I'm going to assume that Haley, a former top member of Donald Trump's team, knows all of this. I'll also assume that the point she intended to make was about delaying judgment on the president's apparent misconduct until Election Day 2020. Indeed, the former South Carolina governor added on Twitter over the weekend, "This is a decision for the American people."

It's an increasingly popular pitch in GOP circles. Sen. Lamar Alexander (R-Tenn.), who'll retire from elected office next year, recently argued, "An election, which is just around the corner, is the right way to decide who should be president." Similarly, Rep. Mac Thornberry (R-Texas), the ranking member on the House Armed Services Committee, added yesterday, "Let the American people decide this in less than a year."

At face value, this may seem like one of the GOP's less ridiculous arguments. Trump was caught crossing the line, and if voters have a problem with the president's abuses, they can vote for someone new next November. If, on the other hand, voters are unmoved, the electorate can make that clear, too.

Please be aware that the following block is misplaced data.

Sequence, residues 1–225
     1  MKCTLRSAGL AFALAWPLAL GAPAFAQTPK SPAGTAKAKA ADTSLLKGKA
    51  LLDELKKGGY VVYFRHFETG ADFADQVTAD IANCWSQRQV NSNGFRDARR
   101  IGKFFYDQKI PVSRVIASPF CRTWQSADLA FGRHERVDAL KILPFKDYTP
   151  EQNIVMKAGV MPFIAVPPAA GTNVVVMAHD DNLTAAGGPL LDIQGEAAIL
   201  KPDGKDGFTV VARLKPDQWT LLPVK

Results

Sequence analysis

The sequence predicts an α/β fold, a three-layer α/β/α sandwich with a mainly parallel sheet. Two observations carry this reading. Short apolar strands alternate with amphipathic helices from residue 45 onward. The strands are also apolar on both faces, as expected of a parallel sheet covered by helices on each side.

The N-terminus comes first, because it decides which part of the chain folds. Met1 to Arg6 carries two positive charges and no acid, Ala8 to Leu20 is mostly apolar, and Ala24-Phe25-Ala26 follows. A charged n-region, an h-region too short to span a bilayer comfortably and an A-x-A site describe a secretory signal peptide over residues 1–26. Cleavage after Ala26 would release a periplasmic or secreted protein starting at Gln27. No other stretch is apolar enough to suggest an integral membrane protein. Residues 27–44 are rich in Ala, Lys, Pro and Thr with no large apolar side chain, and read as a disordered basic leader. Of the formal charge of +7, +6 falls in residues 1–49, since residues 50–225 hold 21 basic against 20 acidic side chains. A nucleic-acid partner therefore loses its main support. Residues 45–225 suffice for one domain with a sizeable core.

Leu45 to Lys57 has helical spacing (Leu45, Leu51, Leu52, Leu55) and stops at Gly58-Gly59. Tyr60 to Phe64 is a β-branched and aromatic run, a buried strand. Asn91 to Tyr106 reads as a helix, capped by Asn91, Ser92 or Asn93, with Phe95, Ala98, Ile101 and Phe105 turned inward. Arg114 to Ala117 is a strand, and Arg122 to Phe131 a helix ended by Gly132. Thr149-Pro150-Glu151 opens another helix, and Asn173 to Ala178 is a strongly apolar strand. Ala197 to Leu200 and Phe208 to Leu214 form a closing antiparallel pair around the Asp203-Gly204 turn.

There are, however, a couple of serious flaws with this.

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The Capitol building at dusk.

Republicans call Trump scheme 'inappropriate,' but there's a catch

11/11/19 08:00AM

In the wake of Lt. Col. Alexander Vindman's devastating recent deposition as part of the House's impeachment inquiry, Sen. Rob Portman (R-Ohio) said, "I thought it was inappropriate for the president to ask a foreign government to investigate a political opponent." The Ohio Republican added, however, "I also do not think it's an impeachable offense."

On ABC News' This Week yesterday, Rep. Mac Thornberry (R-Texas), the ranking member on the House Armed Services Committee, used nearly identical phrasing during an interview with Martha Raddatz. From the transcript:

RADDATZ: Congressman, you're again talking about process. The process. I asked you about substance. How do you fend against the substance?

THORNBERRY: Well, as you know -- maybe you know, Martha -- I believe it's inappropriate for a president to ask a foreign leader to investigate a political rival. Now that leads to a question if there's a political rival with a family member who is involved in questionable activity, what do you do? Just let them alone.

But set that aside. I believe it was inappropriate. I do not believe it was impeachable.